After receiving the cold shoulder from France to several
conciliatory overtures before and after Guinea's independence, Sékou Touré, a son of
Mandingo peasants who barely finished primary school, might have had no
choice but return to his Communist influenced past to save himself and his
Before Guinea voted "NON," in the September 28,
1958, Touré, under pressure from his own constituents for total independence, pleaded
with the French political establishment to fine-tune the referendum's language
to include the rights of all peoples to freedom of movement, self-government,
independence and self-determination. The pompous French ignored his pleas.
French reaction after Guinea voted for independence
was swift and unforgiving. All economic and development assistance was
immediately suspended with French teachers, farmers, doctors and administrators
ordered out of the country. In the international arena, France worked to isolate
Guinea by convincing North Atlantic Treaty Organization (NATO) allies including
the United States to withhold diplomatic recognition.
But Touré ignored the hostile reaction and urged
France to become the first country to grant diplomatic recognition to Guinea. After
Liberia and Ghana became the first countries to recognize Guinea, Japan and
Iraq sponsored her admittance into the United Nations as France continued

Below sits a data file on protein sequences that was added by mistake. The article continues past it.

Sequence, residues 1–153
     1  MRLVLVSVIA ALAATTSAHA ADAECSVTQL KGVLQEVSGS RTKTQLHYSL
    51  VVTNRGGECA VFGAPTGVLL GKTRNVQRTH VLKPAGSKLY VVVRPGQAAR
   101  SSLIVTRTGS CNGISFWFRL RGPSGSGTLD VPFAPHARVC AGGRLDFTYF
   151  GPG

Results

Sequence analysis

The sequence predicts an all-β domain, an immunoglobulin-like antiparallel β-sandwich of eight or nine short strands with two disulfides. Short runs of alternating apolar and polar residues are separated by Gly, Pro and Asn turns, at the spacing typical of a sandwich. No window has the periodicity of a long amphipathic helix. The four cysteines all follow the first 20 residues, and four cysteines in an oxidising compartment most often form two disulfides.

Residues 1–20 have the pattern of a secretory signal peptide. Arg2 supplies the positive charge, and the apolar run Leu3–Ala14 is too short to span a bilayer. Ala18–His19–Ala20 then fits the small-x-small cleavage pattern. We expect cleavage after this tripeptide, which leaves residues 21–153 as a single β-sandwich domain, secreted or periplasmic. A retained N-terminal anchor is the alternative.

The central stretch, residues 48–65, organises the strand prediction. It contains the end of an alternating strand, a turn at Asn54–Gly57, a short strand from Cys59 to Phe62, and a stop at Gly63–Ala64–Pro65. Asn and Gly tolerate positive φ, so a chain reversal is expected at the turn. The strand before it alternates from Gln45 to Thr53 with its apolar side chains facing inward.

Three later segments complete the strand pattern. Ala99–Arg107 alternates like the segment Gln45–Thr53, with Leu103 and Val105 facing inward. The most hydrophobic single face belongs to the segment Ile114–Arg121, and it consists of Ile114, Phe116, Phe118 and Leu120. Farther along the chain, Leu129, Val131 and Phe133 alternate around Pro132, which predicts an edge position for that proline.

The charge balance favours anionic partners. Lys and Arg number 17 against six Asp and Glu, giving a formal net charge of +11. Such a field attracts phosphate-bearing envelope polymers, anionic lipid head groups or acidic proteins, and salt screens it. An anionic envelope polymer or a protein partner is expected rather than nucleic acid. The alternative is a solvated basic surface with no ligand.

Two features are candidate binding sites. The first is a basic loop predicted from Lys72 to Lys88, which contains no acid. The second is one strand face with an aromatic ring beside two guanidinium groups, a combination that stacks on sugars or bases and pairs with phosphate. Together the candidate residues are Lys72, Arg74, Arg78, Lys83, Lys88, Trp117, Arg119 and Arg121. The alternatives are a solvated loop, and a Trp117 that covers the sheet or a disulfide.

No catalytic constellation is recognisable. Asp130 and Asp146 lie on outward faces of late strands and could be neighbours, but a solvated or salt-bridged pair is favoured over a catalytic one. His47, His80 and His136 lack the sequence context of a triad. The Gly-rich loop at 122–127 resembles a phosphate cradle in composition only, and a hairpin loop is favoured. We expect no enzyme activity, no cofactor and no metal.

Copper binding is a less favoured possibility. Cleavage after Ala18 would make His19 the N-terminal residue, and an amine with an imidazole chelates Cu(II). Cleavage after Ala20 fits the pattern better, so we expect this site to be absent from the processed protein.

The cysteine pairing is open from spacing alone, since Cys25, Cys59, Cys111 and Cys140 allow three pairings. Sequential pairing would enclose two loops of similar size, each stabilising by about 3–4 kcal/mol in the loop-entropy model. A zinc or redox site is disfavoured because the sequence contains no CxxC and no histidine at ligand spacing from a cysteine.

saying "NON," "NON," and "NON," to Touré's repeated attempts at reconciliation
between the two nations.
Prior to gaining political power, Touré, whose peasant
roots and limited education did not prevent him from being a great orator, had
been influenced by the anti-bourgeoisie and anti-imperialist message of the Parti
communiste francais (PCF) when that group was affiliated with the West African
When France, with collaboration from Ivorian Félix Houphouët-Boigny
began a series of assassination and coup plots against the Guinean regime, Touré, like his
friend Fidel Castro of Cuba, was forced to turn to the Soviet Bloc to save his fledgling
government. He borrowed from Marx, Lenin, Mao, and Stalin, to create the
Guinean version of a repressive "people's revolutionary" government.